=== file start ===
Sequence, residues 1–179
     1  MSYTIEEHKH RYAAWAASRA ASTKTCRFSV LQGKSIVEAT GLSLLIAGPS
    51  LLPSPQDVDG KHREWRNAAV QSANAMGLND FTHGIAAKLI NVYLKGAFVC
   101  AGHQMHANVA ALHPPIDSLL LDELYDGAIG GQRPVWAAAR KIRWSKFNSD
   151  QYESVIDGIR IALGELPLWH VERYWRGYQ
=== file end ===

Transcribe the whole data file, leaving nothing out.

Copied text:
Sequence, residues 1–179
     1  MSYTIEEHKH RYAAWAASRA ASTKTCRFSV LQGKSIVEAT GLSLLIAGPS
    51  LLPSPQDVDG KHREWRNAAV QSANAMGLND FTHGIAAKLI NVYLKGAFVC
   101  AGHQMHANVA ALHPPIDSLL LDELYDGAIG GQRPVWAAAR KIRWSKFNSD
   151  QYESVIDGIR IALGELPLWH VERYWRGYQ